I wanted to share an update with you about what happened in the middle of our season finale 99th episode of Escape Adulthood LIVE. Kim and I had a lot of fun dressing up as 99-year-olds. There was much shenanigating (the first five minutes were worth the price of admission!). Near the end of our “Let’s Draw” segment, a severe storm knocked out our power, abruptly cutting the show short.
As it turned out, the storm produced a 100-plus mile per hour straight-line wind, which from what I understand is like a tornado but instead of rotating, the wind comes in one direction. Kim ran upstairs to collect the kids. When she came back downstairs, one of the kids mentioned a tree had fallen, and Kim confirmed there was “significant tree damage.”
After the storm settled a bit, I went upstairs to assess the situation. I was not ready for what I saw.
I expected to see a few fallen trees, not a preview of the apocalypse. A hurricane-force wind had done its damage. Our backyard, which had at least a hundred trees, was nearly bare. They were just…gone. Uprooted trees were everywhere. A few jagged sticks jutted out from the ground – the remains of trees that had been snapped in two. Most of the rest were diagonal, ready to fall at any moment.
I walked outside into the dusk. It was raining lightly. Two trees had fallen on our roof, and another landed on our car, shattering the back window.
Carnage was everywhere.
By the time I went back inside, Kim had a cozy nest set up downstairs with blankets and candles, and flashlights. We were in shock, still in our silly costumes, trying to process what just happened. We were grateful to all be safe.
The days since have been a blur. It took about 24 hours for the power to be restored. I was scheduled to leave at 6:45 the next morning with Ginny for a speaking engagement in Chattanooga. It was supposed to be her first Daddy Daughter trip.
In bed that night, every time lightning flashed, the eerie silhouette of the craggy trees lit up like a living nightmare.
After “sleeping” for about an hour, Kim and I were up early to see about clearing the driveway. A friendly neighbor stopped by and helped me chainsaw the fallen trees and push them out of the way, clearing a path for the other car that was still in good shape.
After much deliberation, we decided to continue as planned, and Ginny and I headed to the airport. I tried to refocus my mind on the job at hand. Kim took on the Herculean task of calling insurance agents and tree guys and sorting through the mayhem that attracted a steady stream of onlookers perusing the devastation.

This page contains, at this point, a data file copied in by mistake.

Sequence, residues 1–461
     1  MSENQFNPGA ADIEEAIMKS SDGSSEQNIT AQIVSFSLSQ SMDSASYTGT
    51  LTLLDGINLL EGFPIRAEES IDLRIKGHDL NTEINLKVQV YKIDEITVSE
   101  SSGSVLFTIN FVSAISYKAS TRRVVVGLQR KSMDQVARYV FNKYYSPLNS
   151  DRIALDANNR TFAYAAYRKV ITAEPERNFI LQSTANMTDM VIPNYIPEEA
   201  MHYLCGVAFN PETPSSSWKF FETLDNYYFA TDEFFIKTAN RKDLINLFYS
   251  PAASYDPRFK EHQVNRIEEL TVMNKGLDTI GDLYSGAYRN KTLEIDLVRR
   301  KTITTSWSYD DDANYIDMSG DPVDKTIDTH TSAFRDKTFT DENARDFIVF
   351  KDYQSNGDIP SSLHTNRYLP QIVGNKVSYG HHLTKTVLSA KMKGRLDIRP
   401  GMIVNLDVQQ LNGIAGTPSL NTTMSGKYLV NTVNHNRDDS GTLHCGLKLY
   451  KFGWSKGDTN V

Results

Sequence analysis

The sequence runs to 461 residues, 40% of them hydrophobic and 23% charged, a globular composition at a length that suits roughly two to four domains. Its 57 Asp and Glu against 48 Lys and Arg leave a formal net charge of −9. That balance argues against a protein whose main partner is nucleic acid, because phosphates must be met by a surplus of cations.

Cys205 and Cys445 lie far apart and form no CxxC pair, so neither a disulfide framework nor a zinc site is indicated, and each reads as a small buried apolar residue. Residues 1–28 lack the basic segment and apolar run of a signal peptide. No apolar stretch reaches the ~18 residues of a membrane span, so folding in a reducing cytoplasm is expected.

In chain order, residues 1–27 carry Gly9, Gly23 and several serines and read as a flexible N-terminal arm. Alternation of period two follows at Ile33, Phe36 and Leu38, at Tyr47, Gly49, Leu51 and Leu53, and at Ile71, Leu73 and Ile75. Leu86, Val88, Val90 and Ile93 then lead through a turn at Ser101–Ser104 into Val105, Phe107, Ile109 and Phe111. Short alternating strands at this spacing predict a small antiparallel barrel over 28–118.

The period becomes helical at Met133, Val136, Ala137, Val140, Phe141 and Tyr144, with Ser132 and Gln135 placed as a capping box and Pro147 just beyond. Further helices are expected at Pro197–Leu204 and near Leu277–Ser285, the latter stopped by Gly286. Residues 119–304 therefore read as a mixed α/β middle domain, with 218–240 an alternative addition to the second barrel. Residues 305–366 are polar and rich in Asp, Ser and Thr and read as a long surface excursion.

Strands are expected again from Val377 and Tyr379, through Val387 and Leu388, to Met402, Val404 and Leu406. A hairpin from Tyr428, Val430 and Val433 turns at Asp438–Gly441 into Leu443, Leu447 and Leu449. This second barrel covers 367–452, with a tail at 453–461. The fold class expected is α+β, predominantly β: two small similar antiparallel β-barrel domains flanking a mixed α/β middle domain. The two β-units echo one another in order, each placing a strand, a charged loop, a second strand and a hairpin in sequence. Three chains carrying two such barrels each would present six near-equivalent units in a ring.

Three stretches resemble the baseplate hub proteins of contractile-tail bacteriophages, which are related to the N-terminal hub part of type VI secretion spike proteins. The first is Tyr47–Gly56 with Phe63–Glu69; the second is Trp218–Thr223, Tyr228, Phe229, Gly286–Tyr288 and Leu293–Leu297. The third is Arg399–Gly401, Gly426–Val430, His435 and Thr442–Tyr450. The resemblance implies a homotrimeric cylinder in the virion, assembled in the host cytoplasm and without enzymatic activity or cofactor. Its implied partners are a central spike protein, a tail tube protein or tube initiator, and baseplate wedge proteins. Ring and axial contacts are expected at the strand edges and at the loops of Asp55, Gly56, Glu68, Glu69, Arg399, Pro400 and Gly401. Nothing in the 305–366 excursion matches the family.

I am writing this from a hotel room in downtown Chattanooga. My youngest daughter is still sleeping, tuckered out from two hours spent in the pool yesterday afternoon. My talk for the Tennessee Pharmacy Association was well-received, and Ginny served as my beautiful assistant, checking bingo cards and handing out books as prizes to attendees. My goal has been to be professional, deliver a remarkable presentation, and make this trip as memorable and fun for Ginny as possible.
Meanwhile, my wife has been an All-Star, with her titles of “Director of Everything” and “Little Miss Details” proving to be accurate labels. My parents came up to help, bringing years of wisdom and a generator to power our refrigerator. So many people have stepped up to help in mighty ways.
Even amidst the shock of processing the initial damage, we have tried to turn any fear we’ve had into curiosity. We are heartbroken over the devastation of our property, but are already asking the question, “What does this make possible?” We are grateful for our safety, an outpouring of support, and amazed at the ways we are already seeing God work.
I’m sure there will be more to report on that front in the coming weeks and months.
One seemingly miraculous development is that even though close to a hundred trees were uprooted and tossed about all over our yard and house, the new studio renovation was completely untouched. This is especially significant because it had yet to be insured since the walls and roof were so recently finalized.
“Turn fear into curiosity” was one of the pieces of advice my 99-year-old self gave me in the monologue I delivered just a few minutes before the storm hit. I think it was one of my best monologues yet – definitely one of the most emotional – and I’m proud to be able to show it to you here.
Thank you in advance for your thoughts and prayers as we continue to sort through this. It could have been much worse, and I am reminded yet again that it’s awfully hard to be mad or afraid when you’re busy counting blessings.
🤔 I wonder…what’s something you’ve recently been reminded to be grateful for?